Arithmetic with Polynomials and Rational Expressions
|Perform arithmetic operations on polynomials. [Beyond quadratic]|
|1. Understand that polynomials form a system analogous to the integers, namely, they are closed under the operations of
addition, subtraction, and multiplication; add, subtract, and multiply polynomials.
|Understand the relationship between zeros and factors of polynomials.|
|2. Know and apply the Remainder Theorem: For a polynomial p(x) and a number a, the remainder on division by x – a is p(a), so p(a) = 0 if and only if (x – a) is a factor of p(x).|
|3. Identify zeros of polynomials when suitable factorizations are available, and use the zeros to construct a rough graph of
the function defined by the polynomial.
|Use polynomial identities to solve problems.|
|4. Prove polynomial identities and use them to describe numerical relationships. For example, the polynomial identity
(x2 + y2)2= (x2 – y2)2 + (2xy)2 can be used to generate Pythagorean triples.
|5. (+) Know and apply the Binomial Theorem for the expansion of (x + y)n in powers of x and y for a positive integer n, where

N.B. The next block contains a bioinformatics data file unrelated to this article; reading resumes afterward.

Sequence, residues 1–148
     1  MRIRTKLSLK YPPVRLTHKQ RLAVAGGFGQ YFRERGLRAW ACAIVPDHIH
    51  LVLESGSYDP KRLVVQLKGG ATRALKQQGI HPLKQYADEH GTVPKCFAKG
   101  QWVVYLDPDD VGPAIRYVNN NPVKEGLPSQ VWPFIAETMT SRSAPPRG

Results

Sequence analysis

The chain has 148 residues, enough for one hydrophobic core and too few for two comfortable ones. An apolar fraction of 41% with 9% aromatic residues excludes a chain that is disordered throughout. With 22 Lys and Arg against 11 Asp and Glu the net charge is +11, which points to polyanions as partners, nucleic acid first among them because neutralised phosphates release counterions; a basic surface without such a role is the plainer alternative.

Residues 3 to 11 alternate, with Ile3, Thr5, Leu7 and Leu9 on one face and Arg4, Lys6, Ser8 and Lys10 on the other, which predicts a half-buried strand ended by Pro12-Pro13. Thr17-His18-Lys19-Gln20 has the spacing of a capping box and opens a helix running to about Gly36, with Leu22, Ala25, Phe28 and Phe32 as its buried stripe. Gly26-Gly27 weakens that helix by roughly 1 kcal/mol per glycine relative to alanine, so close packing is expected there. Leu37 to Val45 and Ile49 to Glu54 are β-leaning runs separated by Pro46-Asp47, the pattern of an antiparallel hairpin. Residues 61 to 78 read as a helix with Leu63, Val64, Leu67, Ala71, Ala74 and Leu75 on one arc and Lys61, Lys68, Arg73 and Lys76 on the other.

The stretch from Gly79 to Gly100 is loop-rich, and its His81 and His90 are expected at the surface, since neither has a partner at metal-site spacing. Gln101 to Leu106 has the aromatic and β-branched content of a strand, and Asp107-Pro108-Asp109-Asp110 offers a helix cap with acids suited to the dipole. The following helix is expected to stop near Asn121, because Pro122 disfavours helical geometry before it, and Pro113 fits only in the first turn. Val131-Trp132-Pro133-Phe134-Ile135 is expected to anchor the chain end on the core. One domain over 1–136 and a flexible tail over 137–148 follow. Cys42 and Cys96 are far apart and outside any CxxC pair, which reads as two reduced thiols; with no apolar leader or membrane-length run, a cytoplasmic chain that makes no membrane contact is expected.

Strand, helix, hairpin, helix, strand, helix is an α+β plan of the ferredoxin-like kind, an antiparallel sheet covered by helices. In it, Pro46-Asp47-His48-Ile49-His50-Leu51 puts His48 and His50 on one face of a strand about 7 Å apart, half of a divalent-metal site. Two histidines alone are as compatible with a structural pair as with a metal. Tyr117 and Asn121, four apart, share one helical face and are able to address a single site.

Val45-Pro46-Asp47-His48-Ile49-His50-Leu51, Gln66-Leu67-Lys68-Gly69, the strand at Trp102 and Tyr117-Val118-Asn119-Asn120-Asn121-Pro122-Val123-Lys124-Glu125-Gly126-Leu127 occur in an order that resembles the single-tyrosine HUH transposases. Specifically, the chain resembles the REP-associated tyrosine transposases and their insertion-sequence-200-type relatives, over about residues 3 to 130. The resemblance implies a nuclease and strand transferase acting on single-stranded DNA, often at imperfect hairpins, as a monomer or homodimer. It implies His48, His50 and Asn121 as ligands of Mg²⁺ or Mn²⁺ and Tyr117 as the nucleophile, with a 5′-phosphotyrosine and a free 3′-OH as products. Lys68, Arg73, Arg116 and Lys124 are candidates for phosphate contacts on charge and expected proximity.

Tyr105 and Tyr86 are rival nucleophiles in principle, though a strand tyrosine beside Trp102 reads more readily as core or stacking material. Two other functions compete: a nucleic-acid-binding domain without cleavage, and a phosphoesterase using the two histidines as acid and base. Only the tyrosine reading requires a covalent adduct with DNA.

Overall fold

x and y are any numbers, with coefficients determined for example by Pascal’s Triangle. The Binomial Theorem can be proved by mathematical induction or by a combinatorial argument.
|Rewrite rational expressions. [Linear and quadratic denominators]|
|6. Rewrite simple rational expressions in different forms; write a(x)/b(x) in the form q(x) + r(x)/b(x), where a(x), b(x), q(x),
and r(x) are polynomials with the degree of r(x) less than the degree of b(x), using inspection, long division, or, for the more
complicated examples, a computer algebra system.
|7. (+) Understand that rational expressions form a system analogous to the rational numbers, closed under addition, subtraction,
multiplication, and division by a nonzero rational expression; add, subtract, multiply, and divide rational expressions.